Wednesday, March 16, 2022
Dr. Phillip Lobo, Instructor of English at the Indiana Academy, published an article online for the journal Russian Literature, titled “Between Homo & Ludens: The Dichotomy of Subjectivity in The Snail on the Slope.” The paper demonstrates “the way literature and games have both been called upon to address the problem and possibility of agency for the subjects they create” by examining the Strugatsky brothers’ novel The Snail on the Slope in the context of late-1960s Soviet society.
You can read Dr. Lobo’s paper here for free until May 5.
Wednesday, March 16, 2022
The Indiana Academy Envirothon team won the East Central Regional competition held Tuesday, March 15 at Hayes Arboretum in Richmond, and will advance to the State competition on April 27 at Connor Prairie. Ms. Megan Wright accompanied the team, which consists of Bryson Bennett, Isabella Crespo, Julie Pichonnat, Mia Vega-Isaac, Olivia Walker, and Kylie Williford.
Envirothon is a competition designed to promote environmental education. Teams compete by answering questions and studying resource problems in five environmental topics, as well as making an oral presentation at the Regional level. The top team in the State competition will represent Indiana at the National Envirothon.
Congratulations to our Envirothon team!
Friday, February 18, 2022
Academy seniors Sai Hamm and Mia Vega-Isaac were named Ball State University Whitinger Scholars for the 2022-2023 academic year.
The Whitinger Scholarship is the signature scholarship of the Honors College and the most prestigious scholarship awarded by Ball State. It supplements Ball State’s Presidential Scholarship to provide full tuition and required fees plus on-campus room and board. Eight new Honors College students are selected to receive the award each year based on their academic ability, character, creativity, and potential for leadership.
Congratulations to Sai and Mia!
Monday, February 14, 2022
Three Indiana Academy seniors have been named Finalists in the 2022 National Merit Scholarship competition.
Congratulations to Sophia Lotzow, Paul Ulrich, and Justin Xia!
Monday, February 14, 2022
Beginning this year, the Ball State University Foundation recognizes 100 outstanding junior and senior undergraduates at Ball State University who “represent Beneficence both in and out of the classroom.” Applicants are scored by a group of BSU alumni around the country. Among the 100 students chosen as the inaugural recipients of this honor are four Indiana Academy alumni, all currently seniors at BSU.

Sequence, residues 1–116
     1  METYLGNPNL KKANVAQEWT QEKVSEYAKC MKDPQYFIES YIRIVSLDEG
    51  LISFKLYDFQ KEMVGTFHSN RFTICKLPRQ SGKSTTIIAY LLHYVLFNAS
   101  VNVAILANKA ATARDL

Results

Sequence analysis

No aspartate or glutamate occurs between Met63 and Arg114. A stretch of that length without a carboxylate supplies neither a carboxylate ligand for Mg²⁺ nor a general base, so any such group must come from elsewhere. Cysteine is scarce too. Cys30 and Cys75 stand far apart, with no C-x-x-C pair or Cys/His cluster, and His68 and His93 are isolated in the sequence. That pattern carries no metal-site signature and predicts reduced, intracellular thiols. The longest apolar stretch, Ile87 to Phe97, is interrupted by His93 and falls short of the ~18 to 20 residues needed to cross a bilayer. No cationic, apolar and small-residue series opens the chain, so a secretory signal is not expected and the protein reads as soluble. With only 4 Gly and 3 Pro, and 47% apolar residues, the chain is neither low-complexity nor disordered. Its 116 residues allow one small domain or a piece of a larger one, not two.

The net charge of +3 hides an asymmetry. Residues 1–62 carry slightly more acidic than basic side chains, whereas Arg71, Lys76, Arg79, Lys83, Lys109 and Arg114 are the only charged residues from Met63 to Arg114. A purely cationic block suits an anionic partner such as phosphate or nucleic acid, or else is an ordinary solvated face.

They are Isabelle Behrman ’21 (Muncie), Trinity Croy ’18 (Marion), Hannah Flanagan ’19 (Elwood), and Barbara Willey ’17 (Muncie). All of the Top 100 recipients will be recognized at a reception during One Ball State Day on April 5, 2022. Additionally, as “Top 25” students, Isabelle and Hannah will be invited to attend an awards ceremony on April 2, where the Top 10 and Top Two students will be named. Congratulations!
Thursday, February 3, 2022
Dr. Bridget Lester will receive a $1,000 professional development grant from Independent Colleges of Indiana (ICI) as a part of the “Realizing the Dream” scholarship program. The $3,000 scholarship recognizes first-generation Indiana college students from ICI’s 29 private, non-profit colleges and universities and is made possible by a grant from the Lilly Endowment.
Scholarship recipient Jenna Littlejohn, currently a sophomore at the University of Evansville, chose to thank Dr. Lester for her positive influence in a video released by ICI.
Dr. Lester says of Ms. Littlejohn, “I am just so happy to have gotten the opportunity to know Jenna. She will continue to have such a bright future ahead. Having the opportunity to watch our students succeed is one of the best things about being a teacher.”
Congratulations to both!
Monday, January 10, 2022
The Burris swim team successfully defended their title at the Pioneer Academic Athletic Conference (PAAC) Swimming and Diving Championship on Saturday, January 8 at Ball State University’s Lewellen Aquatic Center.